Report on the Latest Developments on the Marikana Massacre
The initial response of the government, COSATU, the SACP and the COSATU affiliated National Union of Mineworkers was first to launch a ruthless attack on the 28,000 mine workers who participated on the so-called wild-cat strike organised by the Association of Mining and Construction Union (AMCU) but most importantly on the massacred workers who they claimed had brought death to themselves because they were armed with knobkerries and machetes.
The commissioner of Police, Mrs Riah Phiyega appealed to the people of South Africa not to sympathise with those who have been killed and also not to feel sorry for them but the ‘poor policemen’ who died. These statements sounded much too familiar especially for the majority of our people who came from a repressive Apartheid past.
The insiders in the investigations of the shooting said post-mortem reports did not favour the police version of events – that they opened fire after being fired upon.
The completed post mortems seem to paint a different picture to the one given by the police, the star of Monday the 27 August 2012 gives this report according to insiders: “the post-mortem reports indicate that most people were fleeing from the police when they got killed. A lot of them were shot in the back and the bullets exited through their chests. Only a few were found to be shot from the front.”
All these have a diabolical ring of de’javu for the Black majority, in the minds of many the regime has crossed the threshold and it is openly repressive, just like some of us had correctly predicted.
The conflict according to the tripartite alliance was a direct result of populists and people who wanted to divide the union, NUM and the federation COSATU but when we talked to the workers some openly admitted to being members of NUM though they fully supported the labour action. They raised several issues of concern about their own leadership, the best example being that of their national president who earns an exorbitant yearly salary while he fails to support workers who want R12 500-00 and insists there are long drawn processes. These workers are presently earning between R3 000 and R4 000. The gap that exist between the union bureaucracy and the workers is completely unacceptable and the fact that they also seem to be paving their ways into government. This has prompted the AMCU president, Mr. Mathunjwa, to comment about the how some leadership of the union always have their eyes on occupying a political office.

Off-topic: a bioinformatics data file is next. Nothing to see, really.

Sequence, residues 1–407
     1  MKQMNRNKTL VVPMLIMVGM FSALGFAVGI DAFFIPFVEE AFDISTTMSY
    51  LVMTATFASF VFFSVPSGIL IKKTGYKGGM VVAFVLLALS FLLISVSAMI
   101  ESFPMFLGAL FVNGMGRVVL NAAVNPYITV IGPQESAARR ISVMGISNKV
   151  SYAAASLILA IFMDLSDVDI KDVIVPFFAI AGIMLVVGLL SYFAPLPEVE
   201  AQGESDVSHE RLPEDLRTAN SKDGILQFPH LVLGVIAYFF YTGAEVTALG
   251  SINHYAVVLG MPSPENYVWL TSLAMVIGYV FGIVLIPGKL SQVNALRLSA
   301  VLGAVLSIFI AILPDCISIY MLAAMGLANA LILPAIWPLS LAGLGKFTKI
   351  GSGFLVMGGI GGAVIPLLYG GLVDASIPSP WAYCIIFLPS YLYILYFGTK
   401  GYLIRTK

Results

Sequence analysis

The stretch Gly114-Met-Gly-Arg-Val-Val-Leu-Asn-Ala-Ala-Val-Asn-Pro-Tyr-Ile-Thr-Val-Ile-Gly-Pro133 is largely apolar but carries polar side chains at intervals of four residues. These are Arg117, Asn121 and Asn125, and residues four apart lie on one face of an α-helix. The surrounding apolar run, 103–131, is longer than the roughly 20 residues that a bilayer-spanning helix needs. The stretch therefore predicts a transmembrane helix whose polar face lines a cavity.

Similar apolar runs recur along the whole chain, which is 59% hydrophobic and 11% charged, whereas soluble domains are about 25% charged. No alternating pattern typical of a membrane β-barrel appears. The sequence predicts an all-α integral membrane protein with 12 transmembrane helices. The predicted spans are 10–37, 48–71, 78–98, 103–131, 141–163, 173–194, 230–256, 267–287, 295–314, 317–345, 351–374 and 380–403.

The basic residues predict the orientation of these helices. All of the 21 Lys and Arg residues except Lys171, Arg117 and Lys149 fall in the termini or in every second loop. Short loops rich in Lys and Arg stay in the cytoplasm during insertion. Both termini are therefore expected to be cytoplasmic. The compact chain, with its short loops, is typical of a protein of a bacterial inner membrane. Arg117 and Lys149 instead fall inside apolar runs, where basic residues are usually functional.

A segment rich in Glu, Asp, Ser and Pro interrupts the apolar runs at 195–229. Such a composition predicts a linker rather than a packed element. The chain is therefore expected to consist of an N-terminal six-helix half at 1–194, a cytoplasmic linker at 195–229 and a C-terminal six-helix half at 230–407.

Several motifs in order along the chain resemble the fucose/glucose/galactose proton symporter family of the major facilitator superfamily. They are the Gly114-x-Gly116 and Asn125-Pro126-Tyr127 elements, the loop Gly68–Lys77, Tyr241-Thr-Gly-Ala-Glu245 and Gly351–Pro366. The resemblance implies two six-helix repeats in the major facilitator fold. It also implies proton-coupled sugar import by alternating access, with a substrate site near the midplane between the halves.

While it is true that many ANC and leaders have particularly been drawn from the National Union of Mineworkers like Cyril Ramaphosa, Elijah Barayi, the first COSATU president, deputy president Kgalema Motlanthe and Zwelinzima Vavi, the present COSATU president Frans Baleni, the list is endless, but mineworkers continue to literally earn peanuts and live under despicable conditions and much worse for women mineworkers who often do not have separate facilities.
AMCU has experienced phenomenal growth in most mines particularly in Gauteng, Limpopo, North West and Mpumalanga. This has put a great pressure on the once most powerful COSATU union, NUM. This restlessness is not limited to the NUM only, while other unions have not as yet lost members but they have also expressed similar concerns with those of the NUM. At the heart of everything is the tripartite arrangement between the COSATU, the government and big business. The COSATU unions are more often than not being turned into gate keepers of the despicable system of oppression and repression by the bosses ably supported by the government. To this day, another of the powerful COSATU unions, SADTU, the teachers union, still smarts from the results of similar situation.